The contention of appellant is, that the facts alleged in the bill and not denied by the answer are sufficient to establish the fact of an abandonment of the strip of her land as a highway by the public, and therefore the right to it as a public road had, at the filing of her bill, become extinct. This position we regard as untenable. The cause having been submitted on the bill and answer alone, it is well settled that the answer must be accepted as true. (DeWolf v. Long, 2 Gilm. 679; Pankey v. Baun, 51 Ill. 88.) Conceding that the road as established and used was sixty feet-wide north of the appellant’s land;—her fence being on her north line, —and that this condition existed *149for more than the prescriptive period of twenty years prior to the first interference on the part of the commissioners, still the public right was not destroyed.

In Champlin v. Morgan, 20 Ill. 181, we said: “It is true the public can be charged with abandonment of a road, but the proof to establish it must be strong enough to establish another line as the road. A road is a public necessity and is indispensable to public convenience. It cannot, therefore, be alleged that they have abandoned such an indispensable necessity, without showing they have acquired another in lieu of it. We think the true principle is, that a road such as the one in question is claimed to be, laid out and established by the public authorities,' must remain such until it is vacated by the same authority, the mode for doing which is plainly pointed out in the statute, or be abandoned by non-user on acquiring the legal right to another road, or the necessity for another road having" ceased to exist.” There is no showing here, whatever, that a prescriptive right to the full sixty feet has been acquired over the land on the north. On the contrary, the facts disclosed by the bill and answer show that no such right has ever been claimed or exercised by the public, much less that the owner has done or omitted the doing- of any act which would justify such an appropriation of his property. Neither can it be held that the public is barred, by lapse of time, from claiming the full width of the road as authorized by the act establishing it. The fact that it was opened its entire length within the required time, which is alleged in the answer and not disputed, will protect the public right to the full sixty feet, and repel any presumption that might otherwise have arisen of abandonment. Walker v. Gaywood, 31 N. Y. 51.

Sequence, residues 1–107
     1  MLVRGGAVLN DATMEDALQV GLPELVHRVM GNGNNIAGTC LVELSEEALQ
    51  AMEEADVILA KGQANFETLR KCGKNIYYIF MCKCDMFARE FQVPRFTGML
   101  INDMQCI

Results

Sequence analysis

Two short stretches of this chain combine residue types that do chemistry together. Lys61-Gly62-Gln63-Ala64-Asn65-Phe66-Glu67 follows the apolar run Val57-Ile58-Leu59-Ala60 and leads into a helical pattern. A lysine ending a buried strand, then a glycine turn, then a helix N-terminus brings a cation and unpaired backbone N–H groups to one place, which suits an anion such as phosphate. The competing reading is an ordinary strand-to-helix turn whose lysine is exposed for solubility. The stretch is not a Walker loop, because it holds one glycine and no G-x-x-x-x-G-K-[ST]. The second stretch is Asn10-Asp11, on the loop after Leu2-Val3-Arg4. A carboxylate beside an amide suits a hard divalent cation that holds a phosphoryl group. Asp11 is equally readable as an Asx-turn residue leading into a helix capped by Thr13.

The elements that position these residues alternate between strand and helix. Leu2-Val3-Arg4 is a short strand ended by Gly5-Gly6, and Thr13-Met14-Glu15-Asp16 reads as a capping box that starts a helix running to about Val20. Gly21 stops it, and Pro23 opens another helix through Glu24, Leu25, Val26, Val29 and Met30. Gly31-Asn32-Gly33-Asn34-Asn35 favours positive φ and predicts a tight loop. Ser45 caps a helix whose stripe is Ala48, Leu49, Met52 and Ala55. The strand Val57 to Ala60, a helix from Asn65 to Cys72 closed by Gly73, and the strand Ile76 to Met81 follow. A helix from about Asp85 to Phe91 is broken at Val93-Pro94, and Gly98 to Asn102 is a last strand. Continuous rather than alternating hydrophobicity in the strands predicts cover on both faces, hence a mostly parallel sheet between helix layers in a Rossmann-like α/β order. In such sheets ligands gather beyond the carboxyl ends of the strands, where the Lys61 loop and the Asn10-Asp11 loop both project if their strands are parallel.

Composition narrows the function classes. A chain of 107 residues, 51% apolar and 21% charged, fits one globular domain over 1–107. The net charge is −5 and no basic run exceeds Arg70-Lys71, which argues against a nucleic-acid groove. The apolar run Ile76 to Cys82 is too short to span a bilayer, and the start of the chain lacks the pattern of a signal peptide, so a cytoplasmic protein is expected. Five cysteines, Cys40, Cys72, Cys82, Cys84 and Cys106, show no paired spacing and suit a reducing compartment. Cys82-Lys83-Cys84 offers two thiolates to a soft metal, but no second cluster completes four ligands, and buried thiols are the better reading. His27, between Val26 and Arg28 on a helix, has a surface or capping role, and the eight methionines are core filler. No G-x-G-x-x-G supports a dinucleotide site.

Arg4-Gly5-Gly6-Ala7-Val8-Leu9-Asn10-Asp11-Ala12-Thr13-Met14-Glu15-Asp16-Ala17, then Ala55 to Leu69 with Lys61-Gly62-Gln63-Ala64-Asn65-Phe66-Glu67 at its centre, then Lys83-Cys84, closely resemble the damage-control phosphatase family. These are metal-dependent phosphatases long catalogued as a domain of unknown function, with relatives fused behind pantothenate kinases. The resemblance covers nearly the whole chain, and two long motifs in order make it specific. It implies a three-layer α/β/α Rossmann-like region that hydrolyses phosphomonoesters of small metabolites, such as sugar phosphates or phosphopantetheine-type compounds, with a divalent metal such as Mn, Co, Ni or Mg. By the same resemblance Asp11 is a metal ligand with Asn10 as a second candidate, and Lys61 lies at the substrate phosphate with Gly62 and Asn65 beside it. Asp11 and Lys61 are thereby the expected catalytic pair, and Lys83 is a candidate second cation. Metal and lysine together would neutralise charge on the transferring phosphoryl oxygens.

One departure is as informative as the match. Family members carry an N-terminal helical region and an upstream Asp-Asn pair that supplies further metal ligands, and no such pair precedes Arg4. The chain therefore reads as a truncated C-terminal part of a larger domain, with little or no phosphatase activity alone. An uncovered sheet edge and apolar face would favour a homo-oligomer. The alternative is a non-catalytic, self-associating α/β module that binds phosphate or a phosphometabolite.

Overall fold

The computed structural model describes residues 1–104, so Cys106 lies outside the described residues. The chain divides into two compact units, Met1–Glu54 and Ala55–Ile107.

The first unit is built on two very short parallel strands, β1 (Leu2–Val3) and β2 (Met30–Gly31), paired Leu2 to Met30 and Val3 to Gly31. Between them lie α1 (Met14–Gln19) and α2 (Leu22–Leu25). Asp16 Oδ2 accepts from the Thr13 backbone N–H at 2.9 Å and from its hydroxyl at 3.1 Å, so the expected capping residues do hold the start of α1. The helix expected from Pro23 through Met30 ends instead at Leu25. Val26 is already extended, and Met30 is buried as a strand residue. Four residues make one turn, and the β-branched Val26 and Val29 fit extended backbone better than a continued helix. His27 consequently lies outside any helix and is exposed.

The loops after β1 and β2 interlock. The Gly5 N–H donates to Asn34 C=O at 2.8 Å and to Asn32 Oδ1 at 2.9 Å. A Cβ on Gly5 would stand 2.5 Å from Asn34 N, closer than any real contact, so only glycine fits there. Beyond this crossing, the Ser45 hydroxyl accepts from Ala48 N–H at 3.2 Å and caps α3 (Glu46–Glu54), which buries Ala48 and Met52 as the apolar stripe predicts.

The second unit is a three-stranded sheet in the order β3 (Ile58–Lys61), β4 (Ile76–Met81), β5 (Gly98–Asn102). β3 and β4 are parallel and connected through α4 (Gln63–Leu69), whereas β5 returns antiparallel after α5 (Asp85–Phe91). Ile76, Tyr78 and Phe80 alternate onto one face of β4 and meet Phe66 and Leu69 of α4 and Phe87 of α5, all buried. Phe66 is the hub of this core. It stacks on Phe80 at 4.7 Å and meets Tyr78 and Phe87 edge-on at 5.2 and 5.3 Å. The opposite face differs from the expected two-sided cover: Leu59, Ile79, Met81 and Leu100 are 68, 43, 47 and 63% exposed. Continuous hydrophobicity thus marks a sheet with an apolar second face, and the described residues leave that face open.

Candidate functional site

The decree of the circuit court will be affirmed.

Decree affirmed.